In Search of the Mutable: Peter Soriano at Lennon Weinberg
Peter Soriano: New Work at Lennon, Weinberg
January 17 to February 23, 2013
514 West 25 Street, between 10th and 11th avenues
New York City, 212-941-0012
What is a painting? For some time, artists have been answering that question in very diverse ways by taking painting apart into its constituent elements. Frank Stella and Elizabeth Murray focused our attention on the stretcher; Julia Mehretu and Cy Twombly dealt with the painterly gesture; and Mel Bochner and Sol LeWitt, the role of drawing. Peter Soriano, who in the 1990s made colored sculptures from polyester resin, now is seeking to make his art more portable by doing improvised wall paintings, schematized landscapes based upon plein air drawings. His original contribution to this ongoing artistic dialogue involves bringing a new visual resource into the discussion. A couple of decades ago, New York City’s subway cars were covered with graffiti. This form of wild art, art from outside the regulated gallery world did not long survive. Its presence was generally seen as a political problem: graffiti showed that the authorities had lost control of the public spaces. One marvelous illustration of graffiti appears on the cover of Frank Stella’s Working Space (1986)—indeed it is the source of his title. But otherwise graffiti, like other forms of wild art, has not been given much attention by art world authorities.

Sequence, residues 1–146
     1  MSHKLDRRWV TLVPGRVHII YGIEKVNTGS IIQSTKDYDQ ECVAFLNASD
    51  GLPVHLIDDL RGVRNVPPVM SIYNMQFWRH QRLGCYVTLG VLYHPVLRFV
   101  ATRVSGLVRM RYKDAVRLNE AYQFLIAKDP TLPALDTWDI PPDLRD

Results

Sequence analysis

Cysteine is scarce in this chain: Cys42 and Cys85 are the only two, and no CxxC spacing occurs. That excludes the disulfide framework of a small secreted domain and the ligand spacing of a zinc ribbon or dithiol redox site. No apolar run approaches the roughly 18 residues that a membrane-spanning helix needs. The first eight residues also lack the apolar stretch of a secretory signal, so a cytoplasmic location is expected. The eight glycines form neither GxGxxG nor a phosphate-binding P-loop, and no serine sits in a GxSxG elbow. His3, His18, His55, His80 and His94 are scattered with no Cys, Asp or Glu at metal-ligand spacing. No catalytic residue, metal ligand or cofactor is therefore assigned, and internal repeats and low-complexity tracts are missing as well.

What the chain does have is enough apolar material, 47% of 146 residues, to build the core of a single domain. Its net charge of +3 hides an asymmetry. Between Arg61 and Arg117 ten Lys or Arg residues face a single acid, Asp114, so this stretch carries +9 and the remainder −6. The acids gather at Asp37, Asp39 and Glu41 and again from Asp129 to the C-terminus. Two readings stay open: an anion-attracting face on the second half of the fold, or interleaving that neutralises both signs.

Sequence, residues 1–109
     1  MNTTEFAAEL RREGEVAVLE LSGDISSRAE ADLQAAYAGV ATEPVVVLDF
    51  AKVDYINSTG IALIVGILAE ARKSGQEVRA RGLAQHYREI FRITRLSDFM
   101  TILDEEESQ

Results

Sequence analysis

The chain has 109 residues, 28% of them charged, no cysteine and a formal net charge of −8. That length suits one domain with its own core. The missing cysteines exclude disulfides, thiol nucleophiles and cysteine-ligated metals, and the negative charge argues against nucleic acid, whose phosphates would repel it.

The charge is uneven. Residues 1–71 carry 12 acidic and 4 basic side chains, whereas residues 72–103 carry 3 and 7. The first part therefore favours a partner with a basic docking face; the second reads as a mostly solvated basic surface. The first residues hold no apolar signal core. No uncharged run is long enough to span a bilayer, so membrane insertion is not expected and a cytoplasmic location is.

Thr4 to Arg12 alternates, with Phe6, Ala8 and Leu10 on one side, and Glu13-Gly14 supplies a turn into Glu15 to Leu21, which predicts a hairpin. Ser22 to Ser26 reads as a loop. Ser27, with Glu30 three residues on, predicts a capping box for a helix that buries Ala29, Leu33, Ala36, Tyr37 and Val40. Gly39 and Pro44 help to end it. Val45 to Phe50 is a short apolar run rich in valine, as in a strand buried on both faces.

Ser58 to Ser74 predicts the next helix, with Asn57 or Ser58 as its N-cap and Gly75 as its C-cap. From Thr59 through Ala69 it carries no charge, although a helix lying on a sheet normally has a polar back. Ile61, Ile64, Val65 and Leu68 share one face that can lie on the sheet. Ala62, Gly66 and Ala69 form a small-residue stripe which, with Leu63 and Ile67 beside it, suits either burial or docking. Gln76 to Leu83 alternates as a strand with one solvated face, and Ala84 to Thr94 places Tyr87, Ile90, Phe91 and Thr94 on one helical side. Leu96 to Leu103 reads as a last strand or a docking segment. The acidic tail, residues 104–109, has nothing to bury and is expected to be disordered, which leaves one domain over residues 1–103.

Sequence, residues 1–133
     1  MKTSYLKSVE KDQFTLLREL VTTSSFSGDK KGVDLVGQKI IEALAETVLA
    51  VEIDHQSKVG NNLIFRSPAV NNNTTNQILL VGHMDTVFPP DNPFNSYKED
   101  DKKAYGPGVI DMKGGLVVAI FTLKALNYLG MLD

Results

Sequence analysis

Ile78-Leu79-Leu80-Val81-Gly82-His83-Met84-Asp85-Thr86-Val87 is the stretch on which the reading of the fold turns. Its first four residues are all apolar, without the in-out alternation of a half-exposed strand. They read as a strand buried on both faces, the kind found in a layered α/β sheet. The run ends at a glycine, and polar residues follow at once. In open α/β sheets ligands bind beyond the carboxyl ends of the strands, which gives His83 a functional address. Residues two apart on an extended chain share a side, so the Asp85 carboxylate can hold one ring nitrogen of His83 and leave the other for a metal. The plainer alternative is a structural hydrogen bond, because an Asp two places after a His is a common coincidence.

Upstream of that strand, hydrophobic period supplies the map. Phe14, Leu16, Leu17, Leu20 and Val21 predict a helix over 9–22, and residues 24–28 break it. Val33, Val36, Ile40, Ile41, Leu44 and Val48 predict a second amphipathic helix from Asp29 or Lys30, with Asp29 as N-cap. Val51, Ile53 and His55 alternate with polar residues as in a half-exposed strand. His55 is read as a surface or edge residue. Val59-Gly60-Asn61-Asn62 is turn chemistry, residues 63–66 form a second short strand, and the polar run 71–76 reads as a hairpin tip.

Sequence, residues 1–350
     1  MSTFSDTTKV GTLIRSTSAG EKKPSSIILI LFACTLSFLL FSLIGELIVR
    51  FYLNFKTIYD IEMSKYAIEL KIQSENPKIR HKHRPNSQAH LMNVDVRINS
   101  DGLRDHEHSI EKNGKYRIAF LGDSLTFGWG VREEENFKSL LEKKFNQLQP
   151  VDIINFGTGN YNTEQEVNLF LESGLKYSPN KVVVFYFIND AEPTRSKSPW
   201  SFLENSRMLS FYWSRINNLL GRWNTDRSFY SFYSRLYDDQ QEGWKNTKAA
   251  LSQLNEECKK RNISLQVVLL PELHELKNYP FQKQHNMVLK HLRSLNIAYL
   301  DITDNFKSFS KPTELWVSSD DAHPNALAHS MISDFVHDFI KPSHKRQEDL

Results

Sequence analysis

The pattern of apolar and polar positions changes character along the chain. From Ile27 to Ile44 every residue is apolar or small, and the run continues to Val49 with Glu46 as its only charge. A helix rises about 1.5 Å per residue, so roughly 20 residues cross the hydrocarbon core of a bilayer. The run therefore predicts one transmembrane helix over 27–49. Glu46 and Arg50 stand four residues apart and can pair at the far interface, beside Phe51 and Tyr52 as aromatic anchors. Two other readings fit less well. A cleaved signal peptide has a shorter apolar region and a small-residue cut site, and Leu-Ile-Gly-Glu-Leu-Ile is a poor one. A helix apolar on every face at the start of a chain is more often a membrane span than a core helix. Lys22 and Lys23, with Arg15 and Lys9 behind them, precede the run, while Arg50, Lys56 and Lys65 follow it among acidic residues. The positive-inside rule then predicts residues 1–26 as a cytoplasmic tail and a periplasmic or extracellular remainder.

Anyone using a ruler and spray can, so Soriano says, “could learn and re-make my work.” Thus Bagaduce #1 (2012), which is nine feet long consists of brown shapes overlaid and connected with blunt spray paint lines in black, blue and orange. And Bagaduce #4 is composed of circles, dots and points of paint, linked together by dotted lines and a long stretch of sprayed blue. It is striking to see how varied are these wall paintings, which are composed of a relatively few, relatively simple elements. And, also, how effectively they make use of Lennon, Weinberg’s long narrow space, with its natural lighting at the front and back. Soriano means his works to be “mutable,” which is to say that when they recreated by another draftsman in another site they will be somewhat different. Just as Martha Argerich’s Schumann performances differ from Sviatoslav Richter’s; so, if you purchase instructions for one of these Sorianos, the work you then create at home will differ a little from those in the gallery. Only Norman Mailer and a few other visionary aesthetes admired graffiti. But anyone who loves painterly visual art can enjoy Soriano’s wall paintings, which are joyous, truly ‘gay’ in the traditional sense of that word. Seeing his paintings coming from the bitter cold of an overcast winter day, I thought of Henri Matisse’s late cutouts, a perhaps strange but not-irrelevant association. Constructing diagram-like markings, which diagram nothing, Soriano shows how far reaching aesthetic effects can be created by using minimal means. In that way, of course he extends a familiar tradition which now is lengthy. To deconstruct painting, he demonstrates, is also simultaneously to reconstruct this medium, extending its reach in ways which are aesthetically challenging because now, as in the past they remain essentially unpredictable.